IROQUOIS FALLS - The Abitibi Eskimos will be looking to end a three-game winless streak when they tangle with the Elliot Lake Bobcats Saturday night.
After opening the NOJHL?regular season in Sudbury with a 3-2 victory over the Nickel Barons back on Sept. 4, the Eskimos have dropped three-straight games — all on home ice.
The last of those three losses, a double-overtime setback against the league-leading Kirkland Lake Gold Miners, at least produced a single point.
When the Elliot Lake Bobcats skate out onto the ice at the Jus Jordan Arena on Saturday, however, the Eskimos will be looking to reward their loyal fans with two points.
Getting that elusive second victory will not come easy though, as the visiting Bobcats (1-0-0-1) are off to a .500 start this season.
“We have got a whole new team this year, pretty much,” said Bobcats coach and general manager Ryan Leonard.
“We released a lot of guys who had some attitudes last year and we started out pretty much from scratch again. Last year we were an expansion team and we said we needed to revisit the attitude of the team from last year and we went and found a lot of older players.
“We were heavily recruiting over the summer time, right across Canada and into the United States, and I think that has helped. At this time last year we had six players who had already gone home and so far this year everybody is happy and everybody is here. We are playing well and we have a full 25-man roster.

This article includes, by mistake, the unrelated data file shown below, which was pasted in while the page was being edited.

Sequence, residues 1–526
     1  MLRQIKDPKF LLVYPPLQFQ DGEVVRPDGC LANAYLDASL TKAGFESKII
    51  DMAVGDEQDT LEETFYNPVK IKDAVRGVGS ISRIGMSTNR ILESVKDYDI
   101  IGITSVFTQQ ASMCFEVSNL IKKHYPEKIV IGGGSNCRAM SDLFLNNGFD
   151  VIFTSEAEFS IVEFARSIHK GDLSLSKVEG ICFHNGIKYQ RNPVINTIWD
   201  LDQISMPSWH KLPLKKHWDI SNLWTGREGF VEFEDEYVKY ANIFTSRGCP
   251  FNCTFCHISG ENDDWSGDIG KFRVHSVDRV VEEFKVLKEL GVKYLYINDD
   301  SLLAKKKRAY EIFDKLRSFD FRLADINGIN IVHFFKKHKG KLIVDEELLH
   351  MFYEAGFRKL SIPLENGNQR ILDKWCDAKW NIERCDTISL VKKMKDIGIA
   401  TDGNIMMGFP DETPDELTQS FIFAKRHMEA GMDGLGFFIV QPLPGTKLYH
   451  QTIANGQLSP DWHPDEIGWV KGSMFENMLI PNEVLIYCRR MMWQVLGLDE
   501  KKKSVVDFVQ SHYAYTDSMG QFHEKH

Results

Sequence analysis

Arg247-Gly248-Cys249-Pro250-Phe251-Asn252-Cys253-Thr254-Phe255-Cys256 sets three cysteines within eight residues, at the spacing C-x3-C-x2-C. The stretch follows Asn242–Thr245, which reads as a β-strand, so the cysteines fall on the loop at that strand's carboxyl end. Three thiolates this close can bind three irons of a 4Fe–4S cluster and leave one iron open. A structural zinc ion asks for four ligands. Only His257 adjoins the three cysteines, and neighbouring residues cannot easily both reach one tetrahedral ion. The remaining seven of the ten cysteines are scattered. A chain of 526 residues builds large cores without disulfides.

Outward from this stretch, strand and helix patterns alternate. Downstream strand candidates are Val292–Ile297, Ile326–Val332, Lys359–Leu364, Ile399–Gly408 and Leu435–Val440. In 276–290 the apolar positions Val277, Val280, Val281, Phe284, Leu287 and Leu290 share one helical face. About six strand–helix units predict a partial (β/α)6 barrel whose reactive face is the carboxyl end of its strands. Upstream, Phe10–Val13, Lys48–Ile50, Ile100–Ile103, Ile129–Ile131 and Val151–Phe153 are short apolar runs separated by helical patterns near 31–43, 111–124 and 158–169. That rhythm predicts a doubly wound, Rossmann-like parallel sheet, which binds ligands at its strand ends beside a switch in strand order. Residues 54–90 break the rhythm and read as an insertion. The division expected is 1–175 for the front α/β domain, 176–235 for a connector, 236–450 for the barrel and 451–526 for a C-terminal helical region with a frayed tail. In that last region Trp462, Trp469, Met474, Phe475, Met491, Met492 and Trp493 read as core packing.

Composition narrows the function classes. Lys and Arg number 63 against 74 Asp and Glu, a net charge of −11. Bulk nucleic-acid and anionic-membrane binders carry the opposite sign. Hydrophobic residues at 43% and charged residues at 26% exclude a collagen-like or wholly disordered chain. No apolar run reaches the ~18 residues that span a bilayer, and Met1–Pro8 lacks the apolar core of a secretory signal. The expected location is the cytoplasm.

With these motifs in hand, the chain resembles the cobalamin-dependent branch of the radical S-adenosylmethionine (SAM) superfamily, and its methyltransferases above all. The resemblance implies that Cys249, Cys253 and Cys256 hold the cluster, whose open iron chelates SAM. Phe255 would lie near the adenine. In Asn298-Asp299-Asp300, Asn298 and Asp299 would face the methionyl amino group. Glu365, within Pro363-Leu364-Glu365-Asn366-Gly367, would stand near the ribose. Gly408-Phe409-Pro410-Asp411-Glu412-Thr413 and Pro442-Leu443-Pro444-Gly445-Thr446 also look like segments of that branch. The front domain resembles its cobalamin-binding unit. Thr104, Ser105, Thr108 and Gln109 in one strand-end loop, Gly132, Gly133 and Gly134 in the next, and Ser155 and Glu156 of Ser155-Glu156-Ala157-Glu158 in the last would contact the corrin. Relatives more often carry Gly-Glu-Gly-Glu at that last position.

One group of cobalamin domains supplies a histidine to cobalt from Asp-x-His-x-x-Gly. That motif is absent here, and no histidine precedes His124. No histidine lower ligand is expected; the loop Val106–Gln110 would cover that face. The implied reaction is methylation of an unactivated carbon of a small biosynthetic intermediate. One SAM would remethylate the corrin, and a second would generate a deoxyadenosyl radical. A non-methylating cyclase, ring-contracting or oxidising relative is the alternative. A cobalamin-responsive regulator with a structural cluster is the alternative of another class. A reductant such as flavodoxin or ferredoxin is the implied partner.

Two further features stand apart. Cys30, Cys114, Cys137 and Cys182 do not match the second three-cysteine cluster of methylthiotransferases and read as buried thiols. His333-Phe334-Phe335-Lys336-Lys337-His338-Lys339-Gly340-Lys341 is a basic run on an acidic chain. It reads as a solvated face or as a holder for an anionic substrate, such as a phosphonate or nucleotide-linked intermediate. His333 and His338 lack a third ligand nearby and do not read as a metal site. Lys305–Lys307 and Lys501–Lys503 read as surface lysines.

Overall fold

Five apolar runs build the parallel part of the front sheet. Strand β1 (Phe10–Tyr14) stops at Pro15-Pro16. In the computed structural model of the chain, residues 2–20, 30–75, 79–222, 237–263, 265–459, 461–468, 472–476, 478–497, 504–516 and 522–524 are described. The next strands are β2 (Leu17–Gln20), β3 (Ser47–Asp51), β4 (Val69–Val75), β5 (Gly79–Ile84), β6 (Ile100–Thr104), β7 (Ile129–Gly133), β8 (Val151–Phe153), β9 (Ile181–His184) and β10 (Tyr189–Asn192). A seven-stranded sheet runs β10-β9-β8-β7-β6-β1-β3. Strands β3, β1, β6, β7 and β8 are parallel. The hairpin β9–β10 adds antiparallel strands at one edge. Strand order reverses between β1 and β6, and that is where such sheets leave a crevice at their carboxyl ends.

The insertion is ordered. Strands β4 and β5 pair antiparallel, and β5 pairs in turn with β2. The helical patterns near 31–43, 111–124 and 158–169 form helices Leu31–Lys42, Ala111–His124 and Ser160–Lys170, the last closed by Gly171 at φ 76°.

“The fans have supported us. Our community has been going through a rough time, so it has been hard to recruit kids the last little while, because of the mall collapse here. There has not been a lot of stuff going on here, but the community is starting to heal and it has been a pretty good first couple of weeks for us.
“Right now, we should probably be 3-0-0-0, but we have blown two games where we were winning in the last couple of minutes and ended up losing in overtime, or late in the third period.”
A big reason for that success has been Elliot Lake’s performance on special teams.
The Bobcats power play has been operating at a 21.4% efficiency rate, compared to their opponents 16.7% rate.
Elliot Lake has also excelled when they have been shorthanded, killing off 83.3% of the penalties they have taken, compared to a rate of 78.6% for their opponents.
“It is something we have stressed, but at the same time with all of the experience we have … most of the guys we have brought in have all played junior hockey at some point somewhere … so it is a combination of experience and working hard at the start,” Leonard said.
“Playing in that exhibition tournament that we had there (the Cottage Cup), gave us some extra games to practise on some things going into the regular season, so that kind of helped us out a lot.”
The Eskimos, by contrast, have not enjoyed as much success on special teams.
The Abitibi power play has been operating at an efficiency rate of 12.9%, compared to their opponents rate of 25.7%.
The news isn’t any better when it comes to penalty killing for the Eskimos.
They have held opponents off the scoreboard on just 74.3% of their chances, compared to their opponents success rate of 87.1%.